Originally posted Wednesday, February 9th
I am a long-time hard-core AppleWorks user. Yes, I use Microsoft Office when I have to (which is actually fairly often; it?s pretty much required for the books and magazine articles I write). But I retain a fondness for AppleWorks and use it whenever I can.
My relationship with AppleWorks goes way back ? to when it first arrived on the scene as ClarisWorks. I was a reviewer for MacUser ? and was given the assignment of comparing a bunch of ?integrated software? packages. The competition included ClarisWorks, Microsoft Works, BeagleWorks, GreatWorks (from Symantec), and a few other stragglers. ClarisWorks was clearly ahead of the rest of the pack, primarily on the strength of its ground-breaking approach to integrating its different modules. To use a spreadsheet within a word-processing document, for example, you could simply open a spreadsheet box on the text page. This was a trick that no other package could equal. Eventually the competition died off ? and no new contenders emerged. Microsoft Office, although really a collection of separate applications, is about the only comparable offering.
Unfortunately, AppleWorks has been more than showing its age in recent years. It feels very much like what it is: an Mac OS 9 program stuck in an Mac OS X universe. Its graphics lack the fine detail possible with Mac OS X. Its text often does not have the smooth look that Mac OS X can generate.
Enter Pages, Apple?s new word processing program included as part of iWork. My initial reaction to Pages was enthusiastic. At last, here was ?AppleWorks? truly updated for Mac OS X. My enthusiasm was tempered, however, by what I feared might get lost in the translation. Was Pages so focused on multimedia page layouts, as suggested by Apple?s emphasis on the application?s stunning collection of built-in templates, that it did not have the beef to act as a more mundane text word processor? And what about all the other elements of AppleWorks (drawing, painting, spreadsheet, database, presentations); how did they fit in to Pages? Or didn?t they fit in at all?
These were the questions I set about to answer when my copy of Pages arrived. Here is what I found.
Pages vs. AppleWorks: round by round
This is not a review of Pages as much as it is a comparison of Pages vs. AppleWorks. In particular, I am looking at whether current AppleWorks users will be satisfied with a switch to Pages (really, Pages and Keynote, as they come together as iWork).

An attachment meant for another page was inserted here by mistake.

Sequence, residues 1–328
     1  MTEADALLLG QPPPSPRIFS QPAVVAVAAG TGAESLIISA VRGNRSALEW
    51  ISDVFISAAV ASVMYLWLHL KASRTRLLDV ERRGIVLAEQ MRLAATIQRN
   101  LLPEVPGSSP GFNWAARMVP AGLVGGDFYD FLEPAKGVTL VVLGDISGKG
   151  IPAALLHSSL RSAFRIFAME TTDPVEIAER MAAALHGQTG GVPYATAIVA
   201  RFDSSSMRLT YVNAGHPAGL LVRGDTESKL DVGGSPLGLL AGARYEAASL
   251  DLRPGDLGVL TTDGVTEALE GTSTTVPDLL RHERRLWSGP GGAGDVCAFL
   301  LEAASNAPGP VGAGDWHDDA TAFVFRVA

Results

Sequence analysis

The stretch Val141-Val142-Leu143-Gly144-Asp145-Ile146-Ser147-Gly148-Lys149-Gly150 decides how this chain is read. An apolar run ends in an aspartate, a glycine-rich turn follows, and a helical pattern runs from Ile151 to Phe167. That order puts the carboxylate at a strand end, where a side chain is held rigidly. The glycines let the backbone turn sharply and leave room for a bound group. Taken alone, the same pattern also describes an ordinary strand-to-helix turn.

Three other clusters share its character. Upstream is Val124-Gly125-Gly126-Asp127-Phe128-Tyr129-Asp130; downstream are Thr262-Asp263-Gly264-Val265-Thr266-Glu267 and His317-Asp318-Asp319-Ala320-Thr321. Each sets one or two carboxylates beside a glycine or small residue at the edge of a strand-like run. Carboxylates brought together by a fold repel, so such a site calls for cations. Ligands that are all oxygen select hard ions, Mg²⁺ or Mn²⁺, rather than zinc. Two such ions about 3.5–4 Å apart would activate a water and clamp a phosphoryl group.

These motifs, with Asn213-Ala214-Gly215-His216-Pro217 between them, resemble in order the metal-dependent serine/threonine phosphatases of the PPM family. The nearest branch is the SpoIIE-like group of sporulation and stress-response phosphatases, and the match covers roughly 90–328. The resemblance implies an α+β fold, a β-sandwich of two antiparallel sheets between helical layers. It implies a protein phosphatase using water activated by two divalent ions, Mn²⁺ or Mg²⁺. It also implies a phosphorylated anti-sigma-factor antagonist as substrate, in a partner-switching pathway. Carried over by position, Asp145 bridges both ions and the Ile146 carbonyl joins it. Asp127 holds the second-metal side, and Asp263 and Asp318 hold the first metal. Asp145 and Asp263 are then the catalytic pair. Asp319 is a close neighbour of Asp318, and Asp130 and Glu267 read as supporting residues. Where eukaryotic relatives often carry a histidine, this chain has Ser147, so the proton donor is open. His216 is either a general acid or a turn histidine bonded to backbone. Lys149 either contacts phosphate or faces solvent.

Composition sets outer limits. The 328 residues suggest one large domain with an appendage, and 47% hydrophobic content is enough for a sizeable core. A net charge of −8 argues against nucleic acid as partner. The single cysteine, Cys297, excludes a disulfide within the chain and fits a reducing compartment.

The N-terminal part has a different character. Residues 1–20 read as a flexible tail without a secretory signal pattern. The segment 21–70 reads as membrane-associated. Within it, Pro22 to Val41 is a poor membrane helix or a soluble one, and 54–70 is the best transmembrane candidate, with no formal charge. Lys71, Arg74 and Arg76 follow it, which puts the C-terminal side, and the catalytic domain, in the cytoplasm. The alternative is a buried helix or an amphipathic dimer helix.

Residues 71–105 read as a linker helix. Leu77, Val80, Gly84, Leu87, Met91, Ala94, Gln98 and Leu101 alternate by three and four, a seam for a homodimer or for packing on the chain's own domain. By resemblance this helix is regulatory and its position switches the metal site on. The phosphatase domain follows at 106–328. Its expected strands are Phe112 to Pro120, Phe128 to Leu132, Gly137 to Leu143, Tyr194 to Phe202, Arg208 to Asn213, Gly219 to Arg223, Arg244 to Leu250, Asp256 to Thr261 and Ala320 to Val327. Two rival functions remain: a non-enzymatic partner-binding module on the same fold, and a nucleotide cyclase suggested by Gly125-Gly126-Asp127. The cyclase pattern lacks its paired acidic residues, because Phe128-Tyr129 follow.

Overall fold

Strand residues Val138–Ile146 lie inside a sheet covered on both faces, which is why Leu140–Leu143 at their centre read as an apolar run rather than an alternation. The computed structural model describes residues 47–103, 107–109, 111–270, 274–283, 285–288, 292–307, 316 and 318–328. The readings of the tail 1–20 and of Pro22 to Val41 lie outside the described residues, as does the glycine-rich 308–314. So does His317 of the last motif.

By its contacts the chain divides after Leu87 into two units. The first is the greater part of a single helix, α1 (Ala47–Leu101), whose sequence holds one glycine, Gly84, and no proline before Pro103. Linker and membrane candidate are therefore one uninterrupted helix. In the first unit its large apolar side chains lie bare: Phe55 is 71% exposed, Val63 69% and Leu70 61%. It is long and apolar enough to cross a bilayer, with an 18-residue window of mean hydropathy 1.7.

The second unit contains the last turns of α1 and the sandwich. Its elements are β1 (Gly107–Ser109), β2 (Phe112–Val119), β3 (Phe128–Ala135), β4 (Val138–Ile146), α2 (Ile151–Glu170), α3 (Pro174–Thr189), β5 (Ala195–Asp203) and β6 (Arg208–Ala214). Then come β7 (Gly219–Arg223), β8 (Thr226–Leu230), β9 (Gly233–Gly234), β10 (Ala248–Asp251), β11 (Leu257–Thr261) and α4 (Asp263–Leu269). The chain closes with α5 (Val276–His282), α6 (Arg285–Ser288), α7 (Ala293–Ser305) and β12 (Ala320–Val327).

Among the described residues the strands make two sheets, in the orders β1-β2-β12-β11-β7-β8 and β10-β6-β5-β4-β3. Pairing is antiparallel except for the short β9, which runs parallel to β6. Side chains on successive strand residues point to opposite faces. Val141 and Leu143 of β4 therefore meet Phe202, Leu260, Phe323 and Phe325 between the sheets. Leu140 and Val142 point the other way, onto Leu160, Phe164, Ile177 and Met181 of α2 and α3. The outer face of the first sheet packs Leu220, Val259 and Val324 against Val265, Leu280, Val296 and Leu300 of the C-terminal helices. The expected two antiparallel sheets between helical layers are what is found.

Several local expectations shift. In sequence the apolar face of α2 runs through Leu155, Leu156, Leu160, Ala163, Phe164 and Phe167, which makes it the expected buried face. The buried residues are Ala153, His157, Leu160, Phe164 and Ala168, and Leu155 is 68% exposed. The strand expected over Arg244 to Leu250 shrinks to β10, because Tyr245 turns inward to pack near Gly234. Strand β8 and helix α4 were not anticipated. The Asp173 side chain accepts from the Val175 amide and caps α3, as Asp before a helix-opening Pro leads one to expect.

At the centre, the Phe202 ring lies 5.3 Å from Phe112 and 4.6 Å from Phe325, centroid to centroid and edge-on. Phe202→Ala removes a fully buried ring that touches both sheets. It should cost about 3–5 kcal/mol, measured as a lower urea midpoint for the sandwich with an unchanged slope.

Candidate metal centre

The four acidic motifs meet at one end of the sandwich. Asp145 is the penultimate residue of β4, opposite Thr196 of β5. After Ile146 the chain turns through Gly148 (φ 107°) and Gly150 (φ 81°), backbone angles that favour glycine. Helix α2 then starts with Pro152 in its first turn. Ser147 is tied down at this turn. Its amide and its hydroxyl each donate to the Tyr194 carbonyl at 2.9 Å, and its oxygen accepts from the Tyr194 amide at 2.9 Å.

Word processing. How well does Pages stand up to AppleWorks as a basic word processor? Very well indeed. In fact, as I went through a checklist of AppleWorks' features, virtually all of them were there in Pages. Where you had to go to find them was often different (and not always for the better in my view), but they were there. For example, Pages still supports AppleWorks-type outlining ? although it does not include the convenience of AppleWorks' Command-Shift-R and Command-Shift-L to indent and outdent. [I was in error here; Pages has similar shortcuts: Use Command-[ and Command-] to indent and outdent.]
Given Pages emphasis on multimedia layouts, I was a bit surprised that Pages doesn't really offer too many new features here. With either program, you can easily combine graphics and text, do multiple columns, and select various word wrap options. Pages adds a few new wrinkles, such as linked text boxes and a table of contents generator. But overall, they are quite similar. The differences are more in how they work than in what they do:
- Graphics and text just look better in Pages, because it takes advantage of Mac OS X's Quartz and Unicode technologies; AppleWorks cannot match this. This is the main reason that the page layout templates in Pages appear to be created by an entirely different animal than AppleWorks.
- Pages is aware of iLife applications, making it as easy as the proverbial pie to get photos from iPhoto or movies from iMovie into a Pages document. AppleWorks has none of this.
- All of Pages functions work within a single module, accessed primarily through the different options in the Inspector window. In AppleWorks, each major function (such as word processing and drawing) has its own independent module, although you can also combine the functions into a single word-processing document.
Draw and Paint. Most of what you can do in AppleWorks' drawing module, you can do in Pages. Pages may be a bit less convenient in some cases, but it gets the job done. For example, you can rotate objects in Pages, but you do it via a rotate wheel located in the Metrics section of the Inspector window. In AppleWorks, you can free rotate an object directly. [Actually, you can rotate objects directly in Pages; hold down the Command key when clicking on an object's handle.] Pages is also missing a few AppleWorks' Draw features, most notably the ability to make irregularly shaped objects. But Pages adds some cool effects of its own, such as instant drop shadows with adjustments for angle, size and opacity. In general, Pages gives you a finer level of control over graphic settings than you get in AppleWorks.
Overall, if your use of graphics is mainly to include them as elements in a page layout, you'll likely find Pages to be a distinct improvement. On the other hand, if frequently do tasks such as making a floor plan of a house, you'll miss AppleWorks' modular approach, where you could open a separate draw-only document.
Pages has no equivalent to AppleWorks' Paint module for bitmapped graphics. For me, this is no big loss. I almost never use this module anyway. And for those who do want this capability, they likely want something more powerful (such as Painter). As it stands, the Paint module in AppleWorks is mainly a nostalgic reminder of the Mac's original MacPaint. Nice, but not very practical anymore.
Presentation. AppleWorks includes what can best be described as a rudimentary set of presentation tools. Keynote, included with Pages as part of iWork, runs circles around these tools. If presentations are your thing, you long ago gave up on AppleWorks for either Keynote or PowerPoint.
Spreadsheet. Pages does not include a spreadsheet module, but it gives you two partial substitutes:
- Tables. Yes, Pages does tables. However, AppleWorks also includes a Tables feature in its word processing module, separate from its more math-oriented spreadsheets.